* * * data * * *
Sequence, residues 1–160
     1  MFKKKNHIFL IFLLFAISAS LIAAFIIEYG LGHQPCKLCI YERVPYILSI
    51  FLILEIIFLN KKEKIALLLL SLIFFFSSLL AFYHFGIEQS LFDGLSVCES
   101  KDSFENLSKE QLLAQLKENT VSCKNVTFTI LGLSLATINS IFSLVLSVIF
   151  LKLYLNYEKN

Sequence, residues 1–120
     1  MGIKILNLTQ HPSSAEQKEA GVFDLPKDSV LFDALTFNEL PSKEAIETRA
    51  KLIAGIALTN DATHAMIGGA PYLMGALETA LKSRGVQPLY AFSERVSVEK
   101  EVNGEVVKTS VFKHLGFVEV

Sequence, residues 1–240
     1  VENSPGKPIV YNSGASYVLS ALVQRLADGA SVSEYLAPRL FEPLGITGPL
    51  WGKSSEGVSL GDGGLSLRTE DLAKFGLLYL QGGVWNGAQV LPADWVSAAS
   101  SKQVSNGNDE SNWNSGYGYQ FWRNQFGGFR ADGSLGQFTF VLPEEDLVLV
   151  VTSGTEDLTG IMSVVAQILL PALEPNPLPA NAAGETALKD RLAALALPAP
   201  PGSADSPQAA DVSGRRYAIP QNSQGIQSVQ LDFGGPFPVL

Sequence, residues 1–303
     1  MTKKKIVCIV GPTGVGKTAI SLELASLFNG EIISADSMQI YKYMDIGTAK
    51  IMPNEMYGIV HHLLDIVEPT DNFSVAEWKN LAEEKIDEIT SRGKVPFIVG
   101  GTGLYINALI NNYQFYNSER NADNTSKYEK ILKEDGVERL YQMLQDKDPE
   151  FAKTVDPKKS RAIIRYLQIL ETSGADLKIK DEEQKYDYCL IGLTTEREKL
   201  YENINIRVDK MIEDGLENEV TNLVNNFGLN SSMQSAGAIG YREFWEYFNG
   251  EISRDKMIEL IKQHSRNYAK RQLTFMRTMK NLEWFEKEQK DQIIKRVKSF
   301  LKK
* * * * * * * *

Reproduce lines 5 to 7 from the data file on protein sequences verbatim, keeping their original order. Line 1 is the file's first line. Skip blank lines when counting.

   151  LKLYLNYEKN

Sequence, residues 1–120
     1  MGIKILNLTQ HPSSAEQKEA GVFDLPKDSV LFDALTFNEL PSKEAIETRA